We used these accession- and condition-specific models with parsimonious flux balance analysis (pFBA)44 to calculate flux distributions for each accession. We found that the predicted flux distributions were in line with evidence available for the condition-dependent (de)activation of reactions for different pathways of lipid metabolism. For instance, we predicted: (i) the activity of chloroplast FAs synthesis and FAs elongation pathways in dark (Fig. 3a), but with reaction rates substantially reduced compared to the flux values predicted in the light45,46,47 (Fig. 3b); (ii) enrichment of phosphatidylcholine (PC) with polyunsaturated FAs, through the acyl editing cycle48,49, that despite having low reaction rates (Fig. 3b), was active in all accessions (Fig. 3a, Supplementary Data 4); (iii) reduced activity in biosynthetic pathways of various classes of phosphoglycerolipids (PGLs) (e.g. phosphatidylglycerol (PG), phosphatidylinositol (PI), and phosphatidylethanolamine (PE)) (Fig. 3a, b); besides a strong decline in the reaction rates of PC synthesis (Fig. 3b) in agreement with the reduced levels measured for the above PGLs41; (iv) higher activity displayed by reactions involved in chloroplast membrane lipid degradation mostly through hydrolysis (Fig. 3a, lipid remodeling—DGL), together with the reduced proportion of active reactions for the eukaryotic and prokaryotic galactolipid synthesis pathways (Fig. 3a, b), consistent with the observed breakdown of major membrane lipids of chloroplast (e.g. monogalactosyldiacylglycerol (MGDG) and digalactosyldiacylglycerol (DGDG))41; (v) reduced activity of the de novo synthesis pathways of several precursors of neutral lipids (e.g. triacylglycerol—TG) such as lysophosphatidic acid (LPA), phosphatidic acid (PA) and diacylglycerol (DG) (Fig. 3a), in parallel to the enhanced activity of the pathways of neutral lipids synthesis. The latter agrees with the reported accumulation of TG in the ER48 (Fig. 3a, b, TG synthesis—ER) and chloroplasts38,48,50 (Fig. 3a, b, lipid remodeling—PES) that occur at the expense of membrane lipid degradation upon recycling the resultant FAs and DG; and (vi) the increased flux rates of reactions responsible for TG hydrolysis (Fig. 3b), and the enhanced FA degradation via β-oxidation (Fig. 3a, b), in line with the observed greater activity of neutral lipid degradation pathways41. This is also accompanied by the induced transcription of specific genes assigned to FAs peroxisomal β-oxidation51,52,53, and genes coding for isoforms of the lipase enzyme53,54. Interestingly, we also predicted that the degradation routes were inactive in 15% and 0.4% of the accessions after 3 and 6 days of extended darkness, respectively (see Supplementary Data 4); that deviates from the experimental evidence for plants exposed to extended darkness41. A detailed analysis of the flux distributions allowed us to identify that the predicted maltose consumption rates were higher in the accessions with inactive degradation routes (see Supplementary Fig. 2).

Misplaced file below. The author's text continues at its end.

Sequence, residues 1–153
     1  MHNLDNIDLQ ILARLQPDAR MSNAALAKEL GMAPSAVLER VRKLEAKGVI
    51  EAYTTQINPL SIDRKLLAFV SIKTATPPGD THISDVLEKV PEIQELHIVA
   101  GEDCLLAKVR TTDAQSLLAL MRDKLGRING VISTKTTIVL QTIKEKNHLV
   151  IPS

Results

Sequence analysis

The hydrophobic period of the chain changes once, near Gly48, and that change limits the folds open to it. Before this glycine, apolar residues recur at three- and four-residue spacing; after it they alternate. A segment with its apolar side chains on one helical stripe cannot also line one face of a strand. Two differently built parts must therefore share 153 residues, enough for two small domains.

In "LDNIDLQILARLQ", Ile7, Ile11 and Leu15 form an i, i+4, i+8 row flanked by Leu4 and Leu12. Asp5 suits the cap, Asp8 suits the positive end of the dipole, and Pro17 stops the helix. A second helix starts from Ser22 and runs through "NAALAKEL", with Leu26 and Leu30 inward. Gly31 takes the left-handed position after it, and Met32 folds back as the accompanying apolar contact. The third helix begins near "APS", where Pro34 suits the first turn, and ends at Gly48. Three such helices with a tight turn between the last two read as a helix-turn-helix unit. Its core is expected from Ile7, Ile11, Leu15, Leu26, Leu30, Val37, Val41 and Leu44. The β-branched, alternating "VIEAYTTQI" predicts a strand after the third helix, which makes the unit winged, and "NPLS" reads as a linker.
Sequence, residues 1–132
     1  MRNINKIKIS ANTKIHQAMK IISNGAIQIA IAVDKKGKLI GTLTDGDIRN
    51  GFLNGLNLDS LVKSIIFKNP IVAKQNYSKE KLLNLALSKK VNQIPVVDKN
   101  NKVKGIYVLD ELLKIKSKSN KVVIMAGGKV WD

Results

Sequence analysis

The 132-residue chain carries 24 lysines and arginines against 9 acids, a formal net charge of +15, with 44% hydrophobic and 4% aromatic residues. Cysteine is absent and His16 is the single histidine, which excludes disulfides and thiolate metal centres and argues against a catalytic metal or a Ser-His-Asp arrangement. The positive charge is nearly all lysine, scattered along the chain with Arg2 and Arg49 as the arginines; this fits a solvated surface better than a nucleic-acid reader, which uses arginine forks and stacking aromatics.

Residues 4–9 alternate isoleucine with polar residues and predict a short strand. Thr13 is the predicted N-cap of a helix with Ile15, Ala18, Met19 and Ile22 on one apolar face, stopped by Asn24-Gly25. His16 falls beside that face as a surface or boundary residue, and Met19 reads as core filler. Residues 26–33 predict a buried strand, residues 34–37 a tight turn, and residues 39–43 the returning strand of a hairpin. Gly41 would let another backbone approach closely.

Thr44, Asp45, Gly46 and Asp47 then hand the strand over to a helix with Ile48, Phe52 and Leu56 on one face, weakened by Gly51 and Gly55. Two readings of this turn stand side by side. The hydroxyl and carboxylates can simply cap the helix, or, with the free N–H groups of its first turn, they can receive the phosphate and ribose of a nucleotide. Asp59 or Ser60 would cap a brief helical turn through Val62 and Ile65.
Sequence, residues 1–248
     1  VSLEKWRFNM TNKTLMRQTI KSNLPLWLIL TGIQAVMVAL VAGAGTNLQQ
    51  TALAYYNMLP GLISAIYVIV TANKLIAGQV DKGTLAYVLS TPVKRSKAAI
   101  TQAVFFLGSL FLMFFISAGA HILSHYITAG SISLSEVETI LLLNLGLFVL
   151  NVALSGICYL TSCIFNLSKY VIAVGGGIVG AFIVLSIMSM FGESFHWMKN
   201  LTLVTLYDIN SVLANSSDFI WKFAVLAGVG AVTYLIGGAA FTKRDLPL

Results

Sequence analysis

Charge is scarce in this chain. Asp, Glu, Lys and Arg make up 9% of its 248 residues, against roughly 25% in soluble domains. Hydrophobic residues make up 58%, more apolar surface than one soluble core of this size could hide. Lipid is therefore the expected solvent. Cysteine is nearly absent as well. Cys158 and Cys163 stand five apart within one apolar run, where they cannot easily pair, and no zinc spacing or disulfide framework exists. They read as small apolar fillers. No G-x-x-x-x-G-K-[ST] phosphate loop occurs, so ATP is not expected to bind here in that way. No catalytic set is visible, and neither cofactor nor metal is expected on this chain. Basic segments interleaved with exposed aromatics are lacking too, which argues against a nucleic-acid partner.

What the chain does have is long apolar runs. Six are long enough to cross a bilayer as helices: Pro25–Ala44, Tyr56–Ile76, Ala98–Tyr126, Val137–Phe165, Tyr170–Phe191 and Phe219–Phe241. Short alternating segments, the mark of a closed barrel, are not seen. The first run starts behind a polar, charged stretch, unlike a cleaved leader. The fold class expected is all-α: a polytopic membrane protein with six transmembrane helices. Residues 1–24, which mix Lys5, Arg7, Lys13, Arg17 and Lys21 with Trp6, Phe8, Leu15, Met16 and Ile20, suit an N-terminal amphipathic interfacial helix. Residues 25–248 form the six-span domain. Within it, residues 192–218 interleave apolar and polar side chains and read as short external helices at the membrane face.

Fig. 3: Average of reaction fluxes and proportions of active reactions over accessions.
figure 3